Anna Quindlen

Keynote Speaker

2010 Dallas Annual Awards Luncheon

Friday February 26, 2010

I wanted to start out today telling you about 3 women, whom I happen to know really, really well.  The first one had parents who came to this country from Italy.  They were very strict, and they were very sure about certain things, and so was their daughter.  She knew that if there was money for college, which there wasn’t, but if there was, it was her brother who would get it, even though her art teacher said she had talent and she should go to art school.  But her parents really expected her to get married, which is what she is, and to have children, which she did, 5 in all, and to never, ever work outside of her home, and she did that too.  But sometimes she showed her kids a portfolio she kept in her bedroom bureau drawer of her old watercolors, and when she sent them to school with bag lunches, sometimes she drew pictures on the shells of their hardboiled eggs.  If she had other dreams, bigger dreams, she never talked about them, and neither did any of the other women she knew.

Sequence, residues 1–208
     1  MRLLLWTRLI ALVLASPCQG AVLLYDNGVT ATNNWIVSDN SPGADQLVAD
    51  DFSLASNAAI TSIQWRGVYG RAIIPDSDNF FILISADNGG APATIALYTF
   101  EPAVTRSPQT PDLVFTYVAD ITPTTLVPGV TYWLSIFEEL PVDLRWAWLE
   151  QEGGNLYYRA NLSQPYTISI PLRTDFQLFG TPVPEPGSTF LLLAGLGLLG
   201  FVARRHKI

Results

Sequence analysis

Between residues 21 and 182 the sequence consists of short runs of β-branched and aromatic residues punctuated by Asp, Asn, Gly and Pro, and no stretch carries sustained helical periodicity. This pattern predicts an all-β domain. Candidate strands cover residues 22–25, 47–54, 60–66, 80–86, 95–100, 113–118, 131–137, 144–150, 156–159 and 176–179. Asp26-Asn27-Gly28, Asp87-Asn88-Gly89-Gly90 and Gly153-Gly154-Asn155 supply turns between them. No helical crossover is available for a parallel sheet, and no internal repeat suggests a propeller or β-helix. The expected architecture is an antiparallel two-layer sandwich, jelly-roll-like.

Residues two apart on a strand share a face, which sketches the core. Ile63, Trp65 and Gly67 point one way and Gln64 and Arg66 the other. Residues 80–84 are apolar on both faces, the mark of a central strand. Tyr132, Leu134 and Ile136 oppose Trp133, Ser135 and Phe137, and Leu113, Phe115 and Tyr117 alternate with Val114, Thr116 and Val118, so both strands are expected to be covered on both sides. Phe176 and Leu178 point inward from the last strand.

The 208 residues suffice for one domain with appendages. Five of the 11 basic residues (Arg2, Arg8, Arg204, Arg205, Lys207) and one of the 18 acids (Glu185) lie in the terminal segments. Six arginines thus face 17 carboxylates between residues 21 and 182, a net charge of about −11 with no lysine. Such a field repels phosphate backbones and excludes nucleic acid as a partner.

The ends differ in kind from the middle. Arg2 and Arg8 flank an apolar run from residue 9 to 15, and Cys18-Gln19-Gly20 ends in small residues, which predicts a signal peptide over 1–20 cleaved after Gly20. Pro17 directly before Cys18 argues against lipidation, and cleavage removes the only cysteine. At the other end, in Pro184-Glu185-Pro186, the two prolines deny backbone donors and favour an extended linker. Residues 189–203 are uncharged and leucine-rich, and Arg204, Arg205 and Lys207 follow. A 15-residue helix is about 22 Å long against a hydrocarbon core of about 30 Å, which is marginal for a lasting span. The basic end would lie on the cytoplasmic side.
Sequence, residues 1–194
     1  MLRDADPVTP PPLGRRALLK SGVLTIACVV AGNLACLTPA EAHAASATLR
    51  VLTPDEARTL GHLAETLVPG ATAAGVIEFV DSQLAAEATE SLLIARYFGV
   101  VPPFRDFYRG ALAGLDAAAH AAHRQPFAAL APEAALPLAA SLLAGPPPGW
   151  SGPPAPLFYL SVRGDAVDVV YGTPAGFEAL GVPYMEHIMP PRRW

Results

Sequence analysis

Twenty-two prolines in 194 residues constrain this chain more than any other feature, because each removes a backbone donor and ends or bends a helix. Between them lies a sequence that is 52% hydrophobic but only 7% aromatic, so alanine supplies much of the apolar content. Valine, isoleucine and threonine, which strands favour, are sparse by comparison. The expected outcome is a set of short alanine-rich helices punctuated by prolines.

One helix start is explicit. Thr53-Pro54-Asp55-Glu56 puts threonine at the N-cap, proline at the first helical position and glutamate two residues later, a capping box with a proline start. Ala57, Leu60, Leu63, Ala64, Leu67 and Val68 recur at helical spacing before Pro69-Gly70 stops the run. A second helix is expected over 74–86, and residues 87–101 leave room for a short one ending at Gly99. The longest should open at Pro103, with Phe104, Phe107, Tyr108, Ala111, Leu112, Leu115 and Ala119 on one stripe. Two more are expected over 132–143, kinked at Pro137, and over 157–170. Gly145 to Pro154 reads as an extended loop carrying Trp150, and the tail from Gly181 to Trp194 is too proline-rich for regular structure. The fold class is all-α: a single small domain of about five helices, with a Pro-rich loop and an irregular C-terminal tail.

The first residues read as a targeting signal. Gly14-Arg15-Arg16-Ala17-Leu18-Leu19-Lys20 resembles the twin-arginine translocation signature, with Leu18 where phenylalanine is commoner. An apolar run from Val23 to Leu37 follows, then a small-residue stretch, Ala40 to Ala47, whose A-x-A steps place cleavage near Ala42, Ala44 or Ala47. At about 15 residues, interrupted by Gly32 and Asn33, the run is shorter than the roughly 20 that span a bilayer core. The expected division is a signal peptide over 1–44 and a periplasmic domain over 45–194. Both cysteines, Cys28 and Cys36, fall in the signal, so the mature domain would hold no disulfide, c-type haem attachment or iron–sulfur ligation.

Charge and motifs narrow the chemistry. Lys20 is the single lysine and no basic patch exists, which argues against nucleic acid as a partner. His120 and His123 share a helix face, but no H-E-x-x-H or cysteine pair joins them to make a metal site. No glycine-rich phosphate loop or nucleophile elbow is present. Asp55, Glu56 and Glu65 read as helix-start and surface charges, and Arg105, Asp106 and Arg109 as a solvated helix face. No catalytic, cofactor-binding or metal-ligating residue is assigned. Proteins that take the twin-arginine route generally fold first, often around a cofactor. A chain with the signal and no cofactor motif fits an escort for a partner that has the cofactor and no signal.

The second woman is her daughter.  She was raised as her father’s oldest son.  She always knew she would go to college, but she also knew that there were lots of colleges that she couldn’t attend because they were only for men.  Princeton and Yale and West Point, for example.  She looked around her at the people who ran this country, and they were male, every last one of them.  No matter what dream she had, she was told by everybody it would just be harder for her because she was a girl, but she decided that that was just too damn bad.  And to show them, she would just be so much better that no one would be able to take her less seriously than they took the guys.